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Quince

  • r

We got in to Quince after a last minute cancellation this evening and what a treat! The service, the atmosphere, and the food were all very, very good. I'd go back in a heart beat.

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  1. I took my husband there for his birthday, last Mon., and we had a great meal too. We really loved the ravioli with fresh ricotta and an egg yolk inside and the veal and pork polpetone, which was light as a feather.

    1. I was there last night too! I loved the antipasti and the artichoke tortolleni. I thought the desserts were so-so though. Had the the bittersweet chocolate budino and it came to the table cold and not very exciting.

      19 Replies
      1. re: HKL

        we had the dried apricot upside down cake-sublime!
        I also had the garganzia with white wine, cream and speck..Oh my god!

        1. re: roxie

          What is speck? I had asked our waiter to translate almost everything else on the menu, but forgot to ask about that one. LOL!

          1. re: HKL

            a cured meat, I believe pork. I've only had it one time before on a brie,speck and argula pizza in Venice. That was divine and the pasta last night made it a photo finish between the two dishes.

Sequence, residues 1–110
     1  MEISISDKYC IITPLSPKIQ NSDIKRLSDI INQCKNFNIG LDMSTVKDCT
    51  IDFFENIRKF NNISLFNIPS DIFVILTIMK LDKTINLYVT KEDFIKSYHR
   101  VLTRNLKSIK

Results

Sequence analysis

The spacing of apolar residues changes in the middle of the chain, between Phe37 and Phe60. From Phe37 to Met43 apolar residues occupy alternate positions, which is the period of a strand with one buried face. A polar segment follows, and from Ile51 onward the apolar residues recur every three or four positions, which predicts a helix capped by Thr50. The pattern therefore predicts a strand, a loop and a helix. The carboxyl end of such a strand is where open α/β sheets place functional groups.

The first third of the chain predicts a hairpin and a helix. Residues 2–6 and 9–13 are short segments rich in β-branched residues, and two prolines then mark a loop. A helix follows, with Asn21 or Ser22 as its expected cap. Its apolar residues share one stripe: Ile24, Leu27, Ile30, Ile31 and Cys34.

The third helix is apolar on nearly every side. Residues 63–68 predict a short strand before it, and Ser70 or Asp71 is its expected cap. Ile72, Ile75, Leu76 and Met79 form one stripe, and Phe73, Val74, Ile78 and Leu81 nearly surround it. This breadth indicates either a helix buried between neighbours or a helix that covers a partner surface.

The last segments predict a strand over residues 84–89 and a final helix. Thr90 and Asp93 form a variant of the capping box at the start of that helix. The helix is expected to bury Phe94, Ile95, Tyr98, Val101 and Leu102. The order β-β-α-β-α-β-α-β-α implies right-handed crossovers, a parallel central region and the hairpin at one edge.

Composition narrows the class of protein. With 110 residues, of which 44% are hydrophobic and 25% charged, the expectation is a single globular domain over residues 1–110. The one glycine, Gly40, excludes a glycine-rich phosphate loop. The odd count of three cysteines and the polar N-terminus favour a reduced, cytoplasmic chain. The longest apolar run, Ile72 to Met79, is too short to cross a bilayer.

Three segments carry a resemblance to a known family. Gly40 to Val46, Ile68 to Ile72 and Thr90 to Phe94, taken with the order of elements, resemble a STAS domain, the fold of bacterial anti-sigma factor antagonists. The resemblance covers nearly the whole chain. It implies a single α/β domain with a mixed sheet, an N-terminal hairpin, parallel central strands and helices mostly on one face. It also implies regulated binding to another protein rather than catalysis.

1. re: roxie
              r
              Robert Lauriston

              "Speck" is the general Italian term for smoked ham.

              1. re: Robert Lauriston

                Is that term used throughout Italy or only in the Südtirol? Speck is the German word for ham.

                1. re: Melanie Wong
                  r
                  Robert Lauriston

                  "Speck" is standard Italian. There's not a big meat-smoking tradition in most regions, so smoked pork products are usually imported from Germany or Denmark.

                  Link: http://www.viaggio-in-germania.de/par...

                  1. re: Robert Lauriston

                    I don't know anything about Italy, but I do know that in German "schinken" is ham -- I believe "speck" is bacon. I suspect speck has been showing up on menus recently as another take on the fact that pork belly has suddenly become trendy (gotta thank the Atkins folks for something!). So instead of saying "bacon" which means something else to Americans, restaurants using terms like "speck" which mean cured pork belly but not in the form of the streaky slices we think of as bacon.

                    1. re: Ruth Lafler
                      r
                      Robert Lauriston

                      In Italy, "speck" is smoked ham. Typically it's a dense Black Forest-type ham like in the picture below.

                      Bacon is "pancetta affumicata," usually imported from Denmark with the bone in.

                      Image: http://www.bellavistasalumi.com/immag...

                      1. re: Robert Lauriston

                        My friend Antonio, who lives in Florence, loves speck and always orders speck pizza when in a pizzeria. When in Italy last Oct. I saw speck everywhere in no. Italy....